Uncertainty about the rules of the Conflict Minerals Act continue to linger over the tantalum industry but that could soon change.
Uncertainty about the rules for compliance with Dodd Frank’s Section 1502, known as the Conflict Minerals Act, has been hanging over the tantalum industry for about two years. The SEC, which is responsible for developing and promulgating those rules, composed a draft back in 2010. Since then, they have allowed and extended a period of public comment. They have held an array of meetings and received thousands of comments, recommendations and items of correspondence on the issue. Still, to date there has been no finalization.
This uncertainty has contributed to unintended consequences. DRC tantalum can be cheap and while the SEC is dragging its feet in finalizing these rules, consumers could choose profits over ethics and continue buying metal from potentially unethical sources. Instead, many users began shunning metal from the region with good intentions. But this left vast numbers of artisianal miners with little or no means to make a living. With the threat of a shortage of conflict-free tantalum, users also found themselves paying higher prices to obtain it from elsewhere, which drove up manufacturing costs.
Many people are growing increasingly impatient with the SEC. Last month 58 members of Congress signed a letter addressed to SEC Commissioner Mary Schapiro. There is no clear reason for the delay, it said.
“Continued delay undermines efforts in the DRC to make the mining industry more transparent and to diminish the link between minerals and the funding of brutal violence carried out by warlords,” they added.
Members of Congress said the SEC has had enough time and asked the Commissioner to schedule a vote on the final rules for Section 1502 and 1504, dealing with the reporting of payments, by July 1, 2012 or to provide an explanation for the extended delay and definitive voting date.
Earlier this month the SEC announced the August meeting.
A major problem with Section 1502 is that Congress had a noble goal — to end the financing of conflict tantalum — but provided limited direction for achieving it. They further complicated matters by defining certain terms using ambiguous language.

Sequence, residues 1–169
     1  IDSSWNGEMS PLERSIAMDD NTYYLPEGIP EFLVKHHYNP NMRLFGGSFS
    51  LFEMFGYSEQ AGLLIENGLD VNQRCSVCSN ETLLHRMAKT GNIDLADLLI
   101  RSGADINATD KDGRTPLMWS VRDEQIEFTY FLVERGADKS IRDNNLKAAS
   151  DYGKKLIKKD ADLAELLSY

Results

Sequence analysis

The SEC had to consider what is means to manufacture a product. Are tantalum miners manufacturers? If not, the Congressional definition would omit them. While it could undoubtedly be argued that unprocessed ore is not a manufactured product, the SEC said the proposed rules would deem that mining is manufacturing and that contracting the extraction of ore would be considered a manufacturing contract, also covered by the law.
Another debatable issue arises because Congress specifically stated that the law would “apply only when conflict minerals are necessary to the functionality or production of a product manufactured by a person.”
Tantalum, which is largely consumed by the electronics industry, is often not necessary but rather is preferred. In many cases it allows electronics to be reliable and compact but there are alternatives. In such instances, would the law apply? If not, the largest groups of consumers of the metal could escape regulation.
The SEC noted that tantalum is used as an alloy to fabricate carbide tools. But even if a company uses those tools to make cars, for example, if the cars contained no conflict minerals the law, as proposed, would not apply to them.
Even if parties use the minerals in question, if they do not report to SEC or otherwise fit the criteria outlined by the rules, they will not have to make any reports, disclosures or take any action. Some people are calling for broadly written rules, for the sake of effectiveness. Others warn against such a move, saying this legislation is complex, expensive and a hindrance.
Though the Conflict Minerals Act will only regulate a select group in theory, it is expected to have much wider implications. The EU and other nations are reportedly considering conflict mineral sourcing regulations and are closely following the progress of the US rules. California also passed a law prohibiting state agencies from signing contracts with companies that fail to comply with the unwritten regulations.
In the event that the rules are not adopted at the August 22 meeting, Congress could take action against the SEC said Kevin O’Neill, Deputy Secretary in the Office of the Secretary.
He was not able to comment on the the likelihood of that happening or what Congress could actually do. The statutory deadline for adoption of the rules, April 15, 2011, has long passed and O’neill was able to say that Congress hasn’t taken action thus far.
Securities Disclosure: I, Michelle Smith, do not have equity interests in any companies mentioned in this article.